Aggression signifies a willingness to compete by winning tackle and asserting dominance. Players with high aggression levels have a pressing style of play, demonstrated with fierce challenges on the opposition and a relentless pursuit of the ball.
Work Rate reflects a player’s willingness to put in extra work, and to cover every inch of the pitch. High work rate ensures players are constantly involved in the game, tracking back to defend and making forward runs to support the attack.
Bravery is the courage to take risks, make bold decisions, and perform under pressure. Players with high bravery are not afraid to put their bodies on the line, whether it’s going in for tackles or pushing up front.
Leadership refers to a player’s ability to inspire and guide their teammates both on and off the pitch. Players with strong leadership qualities are assertive and capable of motivating others.
The impact of these attributes is crucial in building a team that embodies the spirit of Roy Kent. A squad made up of players with high ratings in most, if not all, of these attributes will be well-equipped to handle the demands and expectations of this approach.
It is also important to consider player personalities, as those who possess similar to Roy Kent, such as Determined or Driven, are more likely to respond positively to the tough love and discipline that comes with this style.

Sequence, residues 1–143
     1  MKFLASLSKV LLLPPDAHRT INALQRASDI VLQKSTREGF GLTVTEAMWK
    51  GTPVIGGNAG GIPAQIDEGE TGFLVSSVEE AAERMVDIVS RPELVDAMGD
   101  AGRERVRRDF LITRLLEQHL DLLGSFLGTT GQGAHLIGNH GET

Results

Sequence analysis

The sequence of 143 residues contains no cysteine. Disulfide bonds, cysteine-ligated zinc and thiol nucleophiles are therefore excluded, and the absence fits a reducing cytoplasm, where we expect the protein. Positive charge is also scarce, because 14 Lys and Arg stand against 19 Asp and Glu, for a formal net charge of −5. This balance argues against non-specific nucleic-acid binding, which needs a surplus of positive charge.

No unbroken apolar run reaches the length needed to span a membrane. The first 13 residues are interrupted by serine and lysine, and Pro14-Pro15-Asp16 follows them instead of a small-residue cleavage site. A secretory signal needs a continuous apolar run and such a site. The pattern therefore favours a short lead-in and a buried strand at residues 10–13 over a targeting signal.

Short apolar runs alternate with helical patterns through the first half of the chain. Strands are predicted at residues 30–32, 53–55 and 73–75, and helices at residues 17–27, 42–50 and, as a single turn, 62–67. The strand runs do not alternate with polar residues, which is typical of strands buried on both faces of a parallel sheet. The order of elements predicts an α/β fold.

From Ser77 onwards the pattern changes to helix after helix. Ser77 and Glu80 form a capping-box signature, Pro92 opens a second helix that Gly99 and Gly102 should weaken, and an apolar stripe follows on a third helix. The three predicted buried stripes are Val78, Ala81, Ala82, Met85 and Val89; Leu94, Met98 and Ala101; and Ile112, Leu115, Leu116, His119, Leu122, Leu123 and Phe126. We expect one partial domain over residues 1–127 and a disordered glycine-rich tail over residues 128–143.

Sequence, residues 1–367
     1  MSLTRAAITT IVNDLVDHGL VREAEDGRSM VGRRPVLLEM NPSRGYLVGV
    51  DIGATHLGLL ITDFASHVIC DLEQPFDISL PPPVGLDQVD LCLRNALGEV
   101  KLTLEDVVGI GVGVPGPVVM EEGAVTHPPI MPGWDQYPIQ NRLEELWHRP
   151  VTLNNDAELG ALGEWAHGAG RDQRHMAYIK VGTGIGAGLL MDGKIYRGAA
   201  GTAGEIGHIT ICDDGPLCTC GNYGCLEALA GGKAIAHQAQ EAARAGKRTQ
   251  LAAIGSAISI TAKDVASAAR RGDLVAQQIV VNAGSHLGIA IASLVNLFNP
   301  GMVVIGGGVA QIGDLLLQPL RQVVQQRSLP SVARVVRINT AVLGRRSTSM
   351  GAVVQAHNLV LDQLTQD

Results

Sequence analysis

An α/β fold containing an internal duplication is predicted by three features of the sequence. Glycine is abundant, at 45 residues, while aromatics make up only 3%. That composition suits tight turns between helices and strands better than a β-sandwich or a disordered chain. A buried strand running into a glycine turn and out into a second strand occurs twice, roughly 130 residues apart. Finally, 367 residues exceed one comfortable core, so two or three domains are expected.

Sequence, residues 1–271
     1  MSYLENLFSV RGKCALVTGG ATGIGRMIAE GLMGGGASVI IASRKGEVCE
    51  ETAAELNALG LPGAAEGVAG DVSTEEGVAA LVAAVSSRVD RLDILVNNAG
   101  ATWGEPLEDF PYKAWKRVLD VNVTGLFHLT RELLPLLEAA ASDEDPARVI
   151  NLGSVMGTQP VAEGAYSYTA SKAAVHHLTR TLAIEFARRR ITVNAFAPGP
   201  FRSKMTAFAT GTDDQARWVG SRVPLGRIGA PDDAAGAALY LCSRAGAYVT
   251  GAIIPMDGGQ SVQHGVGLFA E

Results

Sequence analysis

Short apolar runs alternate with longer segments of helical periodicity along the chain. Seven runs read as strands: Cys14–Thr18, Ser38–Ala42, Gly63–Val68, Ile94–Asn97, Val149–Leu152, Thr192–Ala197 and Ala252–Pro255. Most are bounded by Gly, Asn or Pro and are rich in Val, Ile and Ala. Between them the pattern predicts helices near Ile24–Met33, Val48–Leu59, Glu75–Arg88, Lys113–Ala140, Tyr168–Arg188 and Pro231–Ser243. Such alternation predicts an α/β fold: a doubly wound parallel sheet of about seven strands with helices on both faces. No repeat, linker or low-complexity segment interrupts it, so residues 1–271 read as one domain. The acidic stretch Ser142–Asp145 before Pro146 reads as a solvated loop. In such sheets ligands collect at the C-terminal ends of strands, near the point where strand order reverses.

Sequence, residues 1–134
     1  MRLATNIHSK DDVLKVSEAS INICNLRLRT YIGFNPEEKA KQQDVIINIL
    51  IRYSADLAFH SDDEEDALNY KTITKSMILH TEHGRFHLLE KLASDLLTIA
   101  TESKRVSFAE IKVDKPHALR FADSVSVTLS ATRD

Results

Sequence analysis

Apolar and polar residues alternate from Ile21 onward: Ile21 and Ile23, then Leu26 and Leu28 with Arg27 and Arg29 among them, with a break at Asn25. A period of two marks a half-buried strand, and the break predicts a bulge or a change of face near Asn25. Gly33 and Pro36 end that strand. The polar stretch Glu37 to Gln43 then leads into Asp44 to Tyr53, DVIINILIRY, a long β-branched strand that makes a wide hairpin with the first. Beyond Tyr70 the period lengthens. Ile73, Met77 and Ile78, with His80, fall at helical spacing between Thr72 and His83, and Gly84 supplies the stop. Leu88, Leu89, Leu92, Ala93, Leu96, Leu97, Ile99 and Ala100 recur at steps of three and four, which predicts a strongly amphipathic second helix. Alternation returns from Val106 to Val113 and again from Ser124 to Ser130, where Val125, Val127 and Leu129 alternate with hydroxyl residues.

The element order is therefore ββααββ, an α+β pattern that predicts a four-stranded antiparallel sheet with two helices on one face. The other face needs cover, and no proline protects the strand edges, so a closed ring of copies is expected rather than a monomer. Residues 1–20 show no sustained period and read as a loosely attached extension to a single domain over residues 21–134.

By focusing on these attributes and selecting players with the right personalities, you can create a team that not only possesses the necessary skills but also embraces the core principles of Roy Kent. This will enhance your chances of effectively implementing this approach in Football Manager.
Roy Kent’s style of play is characterised by a direct and aggressive approach on the pitch. The team is encouraged to attack quickly, using fast and direct passing to penetrate the opposition’s defence. Counter-attacking football is a key aspect, capitalising on the opponent’s vulnerabilities and exploiting them with speed and precision. The team should prioritise playing the ball forward and taking risks in the final third, putting constant pressure on the opposition’s defence.
While the main focus is attacking prowess, it’s important not to neglect being solid in defence. Players should be instructed to press high up the pitch, denying the opposition time and space to build their attacks. A physical defence is essential to disrupt the opposition’s play, with players being encouraged to win and make strong tackles. The team should aim to regain possession and transition quickly into attack.